Many will continue to argue that only women can do the job of parenting in the early years. We are the ones with wombs and breasts. And according to Telegraph writer James Delingpole, we also have "many of those virtues that traditionally accompany wombs, such as: gentleness; competence; endurance; an extremely high boredom threshold in the presence of small creatures incapable of doing anything save poo, wee, burp, feed, cry and sleep; multitasking; radiant loveliness bordering on the saintly".
The problem with this theory is a convincing body of research suggests what is important for a child is not their carer's gender, but the consistency of that carer's presence – and men can be as good at this, if not better, than women. Psychologist Oliver James once said that in a child's early years, "after Mummy, Daddy is better than Granny is better than Nanny is better than Minder is better than daycare". This is why parental sharing of care strikes a good balance in terms of creating a society that is both woman-friendly and child-friendly.
The biggest issue with the upcoming Families Bill is whether it will go far enough, and include a "use it or lose it" policy on male leave. The problem is not just providing men with the opportunity, but cracking the difficult nut of a culture that too easily brands them wusses.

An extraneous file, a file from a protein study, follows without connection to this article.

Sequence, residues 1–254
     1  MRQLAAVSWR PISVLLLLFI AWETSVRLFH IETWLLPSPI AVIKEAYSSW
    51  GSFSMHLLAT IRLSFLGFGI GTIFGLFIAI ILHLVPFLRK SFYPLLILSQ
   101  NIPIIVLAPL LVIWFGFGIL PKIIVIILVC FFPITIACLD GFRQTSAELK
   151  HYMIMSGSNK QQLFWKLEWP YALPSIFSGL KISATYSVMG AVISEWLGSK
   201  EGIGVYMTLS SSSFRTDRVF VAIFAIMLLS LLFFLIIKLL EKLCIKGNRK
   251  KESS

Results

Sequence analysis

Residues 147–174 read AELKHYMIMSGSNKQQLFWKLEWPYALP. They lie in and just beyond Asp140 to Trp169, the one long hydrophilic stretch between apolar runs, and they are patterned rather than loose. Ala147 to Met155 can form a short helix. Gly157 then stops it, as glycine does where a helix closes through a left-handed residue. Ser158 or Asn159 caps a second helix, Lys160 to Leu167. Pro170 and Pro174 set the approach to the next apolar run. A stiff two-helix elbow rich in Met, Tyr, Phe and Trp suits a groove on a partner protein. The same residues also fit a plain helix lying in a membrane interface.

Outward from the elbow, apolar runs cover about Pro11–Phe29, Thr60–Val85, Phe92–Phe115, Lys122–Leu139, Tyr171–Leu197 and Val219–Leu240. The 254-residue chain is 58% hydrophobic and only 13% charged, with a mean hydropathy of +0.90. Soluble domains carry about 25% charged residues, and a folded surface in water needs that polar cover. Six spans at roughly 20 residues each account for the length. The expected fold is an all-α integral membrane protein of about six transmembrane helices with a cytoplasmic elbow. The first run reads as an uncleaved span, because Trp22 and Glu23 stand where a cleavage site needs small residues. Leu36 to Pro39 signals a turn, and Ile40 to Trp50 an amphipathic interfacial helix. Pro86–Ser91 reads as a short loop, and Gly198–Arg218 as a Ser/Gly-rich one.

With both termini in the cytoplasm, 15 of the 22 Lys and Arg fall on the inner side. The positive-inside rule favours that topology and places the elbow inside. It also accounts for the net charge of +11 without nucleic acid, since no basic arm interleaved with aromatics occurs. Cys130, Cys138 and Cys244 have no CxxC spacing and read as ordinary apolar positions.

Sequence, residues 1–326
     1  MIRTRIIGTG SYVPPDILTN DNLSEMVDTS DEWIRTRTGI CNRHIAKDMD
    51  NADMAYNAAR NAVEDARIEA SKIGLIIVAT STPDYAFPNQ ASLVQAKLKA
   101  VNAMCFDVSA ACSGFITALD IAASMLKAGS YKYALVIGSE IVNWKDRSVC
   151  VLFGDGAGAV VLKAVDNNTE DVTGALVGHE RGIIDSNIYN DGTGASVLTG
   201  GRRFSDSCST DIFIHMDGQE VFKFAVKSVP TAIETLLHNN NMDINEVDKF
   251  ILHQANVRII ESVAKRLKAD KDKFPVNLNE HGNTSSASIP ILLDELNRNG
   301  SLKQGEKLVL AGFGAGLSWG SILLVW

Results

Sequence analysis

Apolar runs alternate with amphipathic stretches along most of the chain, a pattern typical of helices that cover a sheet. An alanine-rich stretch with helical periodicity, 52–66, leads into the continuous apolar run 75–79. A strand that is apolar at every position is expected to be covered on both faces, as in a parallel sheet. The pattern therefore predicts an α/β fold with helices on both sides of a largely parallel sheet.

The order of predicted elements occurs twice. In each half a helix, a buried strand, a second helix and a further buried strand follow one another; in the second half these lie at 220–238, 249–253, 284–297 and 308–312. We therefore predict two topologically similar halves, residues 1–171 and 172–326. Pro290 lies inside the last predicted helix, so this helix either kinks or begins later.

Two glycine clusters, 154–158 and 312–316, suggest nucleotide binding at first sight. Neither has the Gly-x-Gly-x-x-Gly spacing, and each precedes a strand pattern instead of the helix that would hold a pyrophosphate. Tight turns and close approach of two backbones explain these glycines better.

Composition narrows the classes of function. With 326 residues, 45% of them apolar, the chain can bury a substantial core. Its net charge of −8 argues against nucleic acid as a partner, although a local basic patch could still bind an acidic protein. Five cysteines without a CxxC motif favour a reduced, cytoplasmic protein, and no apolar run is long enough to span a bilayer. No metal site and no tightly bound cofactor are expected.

A survey last year showed that 41% of male respondents would not take up the extended leave, partly because they were afraid of losing their jobs – as, in fact, many women are. Men have to feel comfortable with asking for leave and we need only look at the Nordic countries to see that this won't happen overnight. Sweden, Norway, Denmark and Iceland have been experimenting with shared parental leave for some time and one of the key lessons from their experience is that to really encourage men to use their quotas, the leave has to be specifically allocated to them – and therefore be loseable – rather than transferrable to their partners.
In Norway, though paternity leave was available, only 3% took it before 1993, when a 10-week "use it or lose it" quota was created for men. Now 90% take more than 10 weeks.
Even in Scandinavia, this experiment is still in motion. This year, Norway topped a list of the best places in the world to be a mother. Yet there remains plenty of gender disparity in the country's boardrooms, as well as an ever-present pay gap and a working culture that's divided between a predominantly male private sector, and a mostly female public sector. The gains for feminism are not clear-cut.
What is different in the Nordic countries is the "wuss" culture of belittling hands-on daddies is disappearing. Peter Orn, architect of Sweden's so-called "papa rights" legislation, describes fatherhood as having become "part of the life poetry" of his country. "In the 1990s," he says, "feminism became part of mainstream politics here, and at the same time men began to see the chance not to be like their fathers."
Many men in the UK also feel this way. And increasingly, commentators such as Hoggart and Delingpole are beginning to seem anachronistic, as do those who look upon the paternity-leave revolution as "red tape".
It is as if they've missed out on some part of life's poetry.